Recent studies suggest that serum cystatin C level is not only a sensitive marker for renal dysfunction but also a predictive marker for cardiovascular disease (CVD). However, the mechanism of this connection is not fully understood. We aimed to determine whether insulin resistance or various biomarkers of cardiovascular risk have a role in the link between cystatin C and CVD in type 2 diabetes mellitus patients. Anthropometric measurements and biochemical studies including inflammatory biomarkers were performed in 478 patients with type 2 diabetes mellitus. The degree of insulin resistance was assessed by homeostasis model assessment (HOMA-IR) and indicators of metabolic syndrome. Estimated glomerular filtration rate (eGFR) was derived from the Modification of Diet in Renal Disease study equation. After adjusting for age, sex, body mass index, and eGFR, the cystatin C level increased significantly in proportion to the number of metabolic syndrome components present (1.08 +/- 0.06, 1.19 +/- 0.04, 1.20 +/- 0.04, 1.23 +/- 0.04, and 1.37 +/- 0.06 mg/L; P < .0001); and HOMA-IR increased significantly in proportion to cystatin C quartiles (1.16 +/- 0.15, 1.40 +/- 0.13, 1.49 +/- 0.13, and 2.00 +/- 0.17; P < .0001) (means +/- SE). Albumin-creatinine ratio, fibrinogen, uric acid, homocysteine, high-sensitivity C-reactive protein, and lipoprotein(a) all showed significant correlations with cystatin C that were generally higher than those with eGFR. Cystatin C level was independently associated with HOMA-IR (beta = 0.0380, P = .0082), albumin-creatinine ratio (beta = 0.0004, P < .0001), uric acid (beta = 0.0666, P < .0001), and homocysteine (beta = 0.0087, P = .0004). In conclusion, cystatin C level was significantly associated with insulin resistance and biomarkers reflecting inflammation independent of renal function. These components may have a role in addition to that of eGFR in explaining the link between cystatin C and CVD in type 2 diabetes mellitus patients.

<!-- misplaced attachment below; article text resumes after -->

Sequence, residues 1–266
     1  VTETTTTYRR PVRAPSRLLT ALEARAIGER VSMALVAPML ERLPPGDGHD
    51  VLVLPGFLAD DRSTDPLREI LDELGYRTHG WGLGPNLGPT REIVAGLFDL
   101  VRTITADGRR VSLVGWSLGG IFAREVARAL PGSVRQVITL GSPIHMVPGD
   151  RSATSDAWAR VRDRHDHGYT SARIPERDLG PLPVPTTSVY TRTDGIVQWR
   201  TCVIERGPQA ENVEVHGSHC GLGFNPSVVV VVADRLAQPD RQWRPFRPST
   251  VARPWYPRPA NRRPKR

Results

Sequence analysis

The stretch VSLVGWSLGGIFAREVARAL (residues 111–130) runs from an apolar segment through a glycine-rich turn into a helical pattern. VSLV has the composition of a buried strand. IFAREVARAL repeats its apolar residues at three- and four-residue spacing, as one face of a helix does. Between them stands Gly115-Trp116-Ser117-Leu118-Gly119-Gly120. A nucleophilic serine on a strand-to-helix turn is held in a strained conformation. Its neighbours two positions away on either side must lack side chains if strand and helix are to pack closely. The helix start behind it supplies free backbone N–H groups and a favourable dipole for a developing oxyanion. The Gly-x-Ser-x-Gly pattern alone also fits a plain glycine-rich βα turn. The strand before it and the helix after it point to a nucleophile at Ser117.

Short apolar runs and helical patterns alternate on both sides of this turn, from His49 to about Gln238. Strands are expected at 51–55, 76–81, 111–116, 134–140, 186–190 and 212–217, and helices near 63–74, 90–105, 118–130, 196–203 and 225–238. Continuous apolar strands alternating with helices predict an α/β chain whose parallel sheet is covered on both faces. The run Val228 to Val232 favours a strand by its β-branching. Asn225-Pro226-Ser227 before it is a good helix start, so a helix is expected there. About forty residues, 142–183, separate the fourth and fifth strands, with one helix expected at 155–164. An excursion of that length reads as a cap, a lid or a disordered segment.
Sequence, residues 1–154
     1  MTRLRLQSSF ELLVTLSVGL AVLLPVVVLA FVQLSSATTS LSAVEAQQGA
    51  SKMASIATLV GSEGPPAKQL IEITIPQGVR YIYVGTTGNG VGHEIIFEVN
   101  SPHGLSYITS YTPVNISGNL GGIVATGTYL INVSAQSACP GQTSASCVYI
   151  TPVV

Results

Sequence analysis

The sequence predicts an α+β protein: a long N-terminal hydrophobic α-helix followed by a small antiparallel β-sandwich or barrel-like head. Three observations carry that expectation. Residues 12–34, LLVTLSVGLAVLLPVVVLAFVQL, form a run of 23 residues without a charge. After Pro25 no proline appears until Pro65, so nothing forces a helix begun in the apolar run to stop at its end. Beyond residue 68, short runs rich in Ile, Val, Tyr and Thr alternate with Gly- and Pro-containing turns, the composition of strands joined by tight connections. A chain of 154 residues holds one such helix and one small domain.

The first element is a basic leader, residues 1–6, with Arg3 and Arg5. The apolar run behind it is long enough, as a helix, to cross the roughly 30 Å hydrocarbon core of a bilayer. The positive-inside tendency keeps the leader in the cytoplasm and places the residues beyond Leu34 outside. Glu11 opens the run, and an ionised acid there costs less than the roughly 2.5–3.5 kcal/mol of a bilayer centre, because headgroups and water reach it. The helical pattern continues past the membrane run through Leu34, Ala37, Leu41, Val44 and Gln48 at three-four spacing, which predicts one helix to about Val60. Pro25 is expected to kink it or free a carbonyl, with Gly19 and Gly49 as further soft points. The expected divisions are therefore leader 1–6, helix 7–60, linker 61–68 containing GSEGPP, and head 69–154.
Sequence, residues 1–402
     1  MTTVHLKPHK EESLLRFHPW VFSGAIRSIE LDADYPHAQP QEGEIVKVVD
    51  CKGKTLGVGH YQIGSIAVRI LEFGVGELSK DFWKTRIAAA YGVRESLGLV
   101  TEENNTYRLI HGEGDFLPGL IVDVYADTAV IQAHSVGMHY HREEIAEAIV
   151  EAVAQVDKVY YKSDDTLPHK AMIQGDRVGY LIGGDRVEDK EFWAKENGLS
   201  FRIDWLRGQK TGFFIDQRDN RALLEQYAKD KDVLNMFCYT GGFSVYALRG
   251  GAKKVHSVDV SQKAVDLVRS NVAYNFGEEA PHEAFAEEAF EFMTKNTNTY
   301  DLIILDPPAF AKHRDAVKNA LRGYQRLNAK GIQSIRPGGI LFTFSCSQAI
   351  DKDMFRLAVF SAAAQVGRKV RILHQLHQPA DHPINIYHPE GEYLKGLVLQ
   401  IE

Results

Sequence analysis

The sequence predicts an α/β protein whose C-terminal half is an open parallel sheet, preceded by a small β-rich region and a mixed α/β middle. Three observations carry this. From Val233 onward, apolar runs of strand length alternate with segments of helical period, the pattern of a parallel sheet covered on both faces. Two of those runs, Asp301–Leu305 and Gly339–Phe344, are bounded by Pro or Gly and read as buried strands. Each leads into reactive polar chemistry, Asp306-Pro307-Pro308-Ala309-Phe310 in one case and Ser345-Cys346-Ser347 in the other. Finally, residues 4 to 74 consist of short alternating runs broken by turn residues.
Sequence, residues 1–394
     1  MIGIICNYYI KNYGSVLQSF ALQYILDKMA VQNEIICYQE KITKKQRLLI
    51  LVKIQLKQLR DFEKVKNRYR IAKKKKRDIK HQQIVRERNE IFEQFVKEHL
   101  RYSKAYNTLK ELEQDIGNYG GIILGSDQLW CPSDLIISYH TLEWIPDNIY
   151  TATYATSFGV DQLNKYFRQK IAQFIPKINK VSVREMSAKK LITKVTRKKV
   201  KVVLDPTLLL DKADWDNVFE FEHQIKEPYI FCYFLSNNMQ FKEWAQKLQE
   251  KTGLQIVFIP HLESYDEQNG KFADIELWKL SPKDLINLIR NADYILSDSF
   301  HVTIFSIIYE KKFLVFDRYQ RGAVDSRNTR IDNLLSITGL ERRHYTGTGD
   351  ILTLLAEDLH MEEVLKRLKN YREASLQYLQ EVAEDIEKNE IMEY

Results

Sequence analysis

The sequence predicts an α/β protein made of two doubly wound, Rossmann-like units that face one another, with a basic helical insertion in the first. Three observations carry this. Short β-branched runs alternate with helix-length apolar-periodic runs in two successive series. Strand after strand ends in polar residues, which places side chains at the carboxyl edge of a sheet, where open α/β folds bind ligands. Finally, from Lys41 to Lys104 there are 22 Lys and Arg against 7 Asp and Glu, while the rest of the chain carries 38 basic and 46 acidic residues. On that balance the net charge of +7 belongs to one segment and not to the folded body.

Copyright 2010 Elsevier Inc. All rights reserved.